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Another in the Plantation/Estate series - A digitally hand painted oil painting, from scratch - part of a larger painting which included the large stable. Rendered from my own original photographs.
Belle Meade Plantation Nashville Tennessee
Belle Meade Plantation, located in Belle Meade, Tennessee, is an historic plantation mansion whose grounds now function as a museum.
The "Queen of Tennessee Plantations" began in 1807 when Virginian John Harding bought Dunham's Station log cabin and 250 acres on the Natchez Trace. For the next 100 years, the Harding family prospered, building their domain into a 5,400 acre plantation that was world renowned as a thoroughbred horse farm. In the early years, Harding boarded horses for neighbors such as Andrew Jackson, and he was breeding thoroughbreds by 1816. He shipped grain to Charleston and New Orleans, and owned large tracts of land in Arkansas and Louisiana. In 1853 John Harding�s son, William Giles Harding, completed the mansion, doubling its size and adding the front porch and columns, which are solid limestone. The Belle Meade Plantation became a stunning example of the grandeur of the South's Greek Revival Antebellum architecture.
In 1853, the mansion was built by General William Giles Harding, son of the founder. During this time, the Harding family prospered, building their domain into a 5,400-acre (22 km2) plantation that was renowned throughout the world for breeding champion Thoroughbred horses.
The American Civil War brought deprivation and danger to Belle Meade. Harding was very wealthy, very pro-secession and donated $500,000 to the Southern cause. When the Federals occupied Nashville in February 1862, Harding was arrested and sent north to be imprisoned in Fort Mackinac, Michigan. His wife, Elizabeth McGavock, was left to tend the plantation. In September, Harding was released on parole and returned to Belle Meade. The Belle Meade Plantation was headquarters for Confederate Gen. James R. Chalmers of Nathan Bedford Forrest's cavalry command prior to the Battle of Nashville (December 1864). On the first day of the battle, Union soldiers burned the Rebel wagons parked at the racetrack while Chalmers was elsewhere. Returning to Belle Meade, Chalmers' men charged the Yankees and drove them back before running into an enemy infantry camp. The Yankees fired as the cavalry galloped back past the mansion, where Selene Harding, nineteen, waved a handerchief despite the bullets flying around her. Bullet holes can still be seen in the porch columns.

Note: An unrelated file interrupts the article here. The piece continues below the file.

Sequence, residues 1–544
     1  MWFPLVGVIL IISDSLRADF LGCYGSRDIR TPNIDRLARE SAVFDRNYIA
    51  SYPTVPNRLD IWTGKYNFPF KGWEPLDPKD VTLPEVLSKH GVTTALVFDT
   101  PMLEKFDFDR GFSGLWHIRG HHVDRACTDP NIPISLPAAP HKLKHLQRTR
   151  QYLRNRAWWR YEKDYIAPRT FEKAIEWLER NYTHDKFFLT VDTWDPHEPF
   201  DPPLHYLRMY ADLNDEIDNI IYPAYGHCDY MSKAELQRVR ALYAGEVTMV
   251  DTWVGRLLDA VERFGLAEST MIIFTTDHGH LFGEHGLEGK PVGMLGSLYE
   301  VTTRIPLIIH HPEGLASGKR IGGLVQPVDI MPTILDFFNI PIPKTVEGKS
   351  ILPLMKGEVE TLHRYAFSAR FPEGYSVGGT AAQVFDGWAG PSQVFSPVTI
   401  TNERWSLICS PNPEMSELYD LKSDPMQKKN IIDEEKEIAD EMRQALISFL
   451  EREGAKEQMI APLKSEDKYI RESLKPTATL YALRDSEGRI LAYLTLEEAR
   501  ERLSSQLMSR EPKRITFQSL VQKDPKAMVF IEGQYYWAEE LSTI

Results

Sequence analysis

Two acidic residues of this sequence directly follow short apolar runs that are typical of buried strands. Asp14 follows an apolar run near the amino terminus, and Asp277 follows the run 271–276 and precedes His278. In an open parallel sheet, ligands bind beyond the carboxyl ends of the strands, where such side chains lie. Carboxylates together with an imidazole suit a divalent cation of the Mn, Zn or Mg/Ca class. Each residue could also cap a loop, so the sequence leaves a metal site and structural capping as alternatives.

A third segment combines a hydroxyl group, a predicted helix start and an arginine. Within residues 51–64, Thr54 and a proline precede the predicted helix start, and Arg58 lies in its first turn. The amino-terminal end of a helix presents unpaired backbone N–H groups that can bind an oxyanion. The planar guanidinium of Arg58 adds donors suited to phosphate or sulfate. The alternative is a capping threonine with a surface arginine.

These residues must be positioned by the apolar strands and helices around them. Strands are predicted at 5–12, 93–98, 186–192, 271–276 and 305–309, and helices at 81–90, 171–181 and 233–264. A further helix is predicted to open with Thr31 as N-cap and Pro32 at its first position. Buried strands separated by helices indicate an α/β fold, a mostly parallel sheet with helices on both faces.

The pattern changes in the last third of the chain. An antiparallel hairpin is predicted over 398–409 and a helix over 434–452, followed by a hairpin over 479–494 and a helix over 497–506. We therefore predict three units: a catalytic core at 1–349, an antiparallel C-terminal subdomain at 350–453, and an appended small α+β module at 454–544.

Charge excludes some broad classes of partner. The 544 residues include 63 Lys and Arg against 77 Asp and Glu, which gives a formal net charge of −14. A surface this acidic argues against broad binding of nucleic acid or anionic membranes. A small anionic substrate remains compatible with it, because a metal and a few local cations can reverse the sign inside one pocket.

After the war, William Harding turned over control of the farm to his son-in-law, William Jackson, a West Point graduate who had commanded a cavalry division under Gen. S.D. Lee in Mississippi and Louisiana. During and after Reconstruction, Belle Meade's reputation as a first-class breeding establishment attracted buyers from around the world for the annual yearling sales. Under Jackson's tutelage, Belle Meade (French for "beautiful meadow") became an internationally renowned thoroughbred farm and showplace. The farm sold breeding stock of ponies, Alderney cattle, Cotswold sheep, and Cashmere goats. The vast estate also featured a 600-acre deer park. Under the management of Hardin's sons-in-law, brothers William Hicks Jackson and Howell Edmunds Jackson, Belle Meade Stud flourished. Following the Jackson brothers' deaths, adverse financial conditions forced an auction of the property at the beginning of the 20th century and the fourth generation of the Harding family moved off the property. At its sale in 1904, Belle Meade was the oldest and largest thoroughbred farm in the United States.
In 1953, Belle Meade Mansion and eight outbuildings on 30 acres (120,000 m2) were deeded to the Association for the Preservation of Tennessee Antiquities, and is today managed by the Nashville chapter of the Association.
Belle Meade Plantation was one of the largest and wealthiest private estates in Nashville in the 1800s. Guided tours of the beautifully restored mansion encompass both the first and second floors of the fully furnished historic structure. Visitors will not see velvet ropes or glass walls on the tour, giving them a fully accessible view of the exquisite collection of original and period pieces.
At the height of its success, the grounds of Belle Meade Plantation covered 5,400 acres. Today, while the property is limited to 30 acres, visitors will find a variety of areas to explore. For example, the original cabin from 1807 is still on-site today. A massive carriage house and stable built in 1892 houses one of the most impressive carriage collections to be found. Walking into the beautifully restored slave cabin will give any visitor a sense of another time and place.
MCN :: CN6QM-RQJWU-A3L8B
May 19th, 2012
Viewed 293 Times - Last Visitor from Columbia, SC on 12/08/2013 at 6:57 PM